Meet Edward “Champ” Hall, founder of Champ’s Barber School

In celebration of Black History Month, Fig is partnering with Tyrone Miller, CEO of Lancaster Works, for a special four-part series as he shines a spotlight on successful Black entrepreneurs in Lancaster by sharing their stories.

In celebration of Black History Month, Fig is partnering with Tyrone Miller, CEO of Lancaster Works, for a special four-part series as he shines a spotlight on successful Black entrepreneurs in Lancaster by sharing their stories.

Happy Black History Month, Fig readers! I’m Tyrone Miller, the CEO of Lancaster County’s first and only Social Enterprise B Corporation staffing agency, which happens to be Black-owned. I started Lancaster Works to remove barriers to employment by providing our diverse population equitable access to the support and resources required to establish a truly inclusive economy that works for everyone. 

As I go about my work, I thought about how could I do something to acknowledge the contributions other Black business owners are making to our local economy. My friends at Fig magazine have graciously offered their platform as a way for me to publicly celebrate a few of Lancaster’s courageous Black Entrepreneurs. My heartfelt thanks go out to Fig. With that said, let’s celebrate!

A native of Lancaster, Edward “Champ” Hall’s journey into entrepreneurship began in middle school when Champ began cutting his classmates hair as a seventh-grade student attending Edward Hand Junior High School (now Hazel Jackson Middle School). This happened after a visit to his local barber, when Champ took his haircut displeasure into his own hands. He searched his house for a set of clippers that were rarely used by his father, and his first attempt at cutting his hair was such a success that the next day in school he received compliment after compliment. Everyone wanted to know who this barber was that did such an amazing job. That was just the beginning.

As he entered his high school years, his mother saw the passion he had for this newfound skill and went in search of ways to support the development of his talent. She discovered a barber school in Harrisburg, Hudson’s Barber and Beauty School. Attending McCaskey High School here in Lancaster presented a bit of a challenge, but with his desire and his mother’s support, he was able to overcome this obstacle.

Each day after school, his mother would pick him up and drive him to the train station where he would catch the train to Harrisburg followed by a bus ride to Hudson’s shop on 6th Street. Even with that passion, there were many days he wanted to quit, but through mom’s encouragement, he persevered. He notes one of the most challenging things about that daily commute was trying to do his high school homework on the train.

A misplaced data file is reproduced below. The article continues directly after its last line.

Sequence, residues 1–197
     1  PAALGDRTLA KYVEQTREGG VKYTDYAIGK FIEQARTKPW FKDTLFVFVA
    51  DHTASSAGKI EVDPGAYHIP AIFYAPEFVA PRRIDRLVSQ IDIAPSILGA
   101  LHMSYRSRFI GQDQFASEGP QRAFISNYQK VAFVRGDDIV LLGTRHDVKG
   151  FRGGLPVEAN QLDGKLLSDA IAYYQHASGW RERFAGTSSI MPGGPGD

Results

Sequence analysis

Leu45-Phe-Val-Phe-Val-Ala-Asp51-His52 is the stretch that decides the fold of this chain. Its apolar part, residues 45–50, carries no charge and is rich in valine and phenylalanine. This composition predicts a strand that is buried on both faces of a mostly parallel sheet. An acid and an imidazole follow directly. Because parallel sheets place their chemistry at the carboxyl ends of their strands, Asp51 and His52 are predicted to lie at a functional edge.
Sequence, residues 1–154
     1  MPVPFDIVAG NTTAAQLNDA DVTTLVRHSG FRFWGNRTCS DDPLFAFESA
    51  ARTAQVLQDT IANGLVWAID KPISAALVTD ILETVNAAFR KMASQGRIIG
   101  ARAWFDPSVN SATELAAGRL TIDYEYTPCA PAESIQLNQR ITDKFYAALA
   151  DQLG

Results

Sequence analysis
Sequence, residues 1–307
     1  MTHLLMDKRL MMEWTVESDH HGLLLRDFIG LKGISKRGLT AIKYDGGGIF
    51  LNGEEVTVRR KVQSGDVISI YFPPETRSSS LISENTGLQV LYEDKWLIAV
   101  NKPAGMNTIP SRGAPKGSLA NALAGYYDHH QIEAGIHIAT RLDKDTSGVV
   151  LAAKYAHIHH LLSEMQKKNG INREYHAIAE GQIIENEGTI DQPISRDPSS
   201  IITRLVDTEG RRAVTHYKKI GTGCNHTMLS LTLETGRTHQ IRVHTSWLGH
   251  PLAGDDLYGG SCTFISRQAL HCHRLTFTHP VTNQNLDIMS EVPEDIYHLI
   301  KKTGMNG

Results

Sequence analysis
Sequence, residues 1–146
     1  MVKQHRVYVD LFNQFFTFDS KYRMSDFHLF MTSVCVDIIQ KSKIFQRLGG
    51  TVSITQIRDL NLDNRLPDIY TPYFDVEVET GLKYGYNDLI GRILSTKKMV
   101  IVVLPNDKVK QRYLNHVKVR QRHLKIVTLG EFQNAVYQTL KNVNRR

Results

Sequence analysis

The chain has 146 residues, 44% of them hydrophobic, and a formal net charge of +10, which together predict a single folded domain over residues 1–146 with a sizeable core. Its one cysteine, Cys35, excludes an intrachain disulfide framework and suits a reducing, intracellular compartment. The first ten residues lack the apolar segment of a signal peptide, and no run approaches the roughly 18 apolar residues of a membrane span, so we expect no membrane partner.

As the months went by, Champ suffered through sacrificing time on the playground, playing ball, or just hanging out with friends at the Boy’s Club. His daily schedule was school from the moment he got up in the morning until he went to bed at night. His mother would have to give him money to purchase dinner every day as his schedule forced him to miss family mealtime at home. And some days, when he would miss the train and have to wait for the next train, just added to the daily struggle. But finally, he completed barber school, and it was time to take the State Barber Exam.

With the light at the end of the tunnel in sight, he took the exam only to experience the crushing defeat of failing. He felt he had not only failed himself, but his parents as well since they would have to pay for him to retake the exam. His mother believed so strongly in him that she paid and prayed for him as he failed on his second attempt, then his third attempt, and finally meeting with success on his fourth attempt.

He opened his first barber shop shortly after and endured many days where he would sit alone waiting for someone to come in. After failing the test three times and now with a shop with no customers, he was on the verge of giving up. Then, it dawned on him that he had done everything he needed except market his new business. He printed business cards and began handing them out to friends and family, and the business took off. The growth was so quick that he even found himself turning business away.

The proud founder of 10 barber shops, three barber schools, and a beauty salon, Champ now gives that test he failed 30 years ago. Champ’s advice to would-be entrepreneurs is success is not by happenstance—it’s the result of hard work, persistence, risk-taking. and sacrifice. Every successful person has had to overcome adversity, as failure is part of the process. He says don’t let any challenge stop and don’t be afraid of risk because the risk you’re afraid to take could be the risk that leads to your success!

Find out more about Champ’s Barber School at

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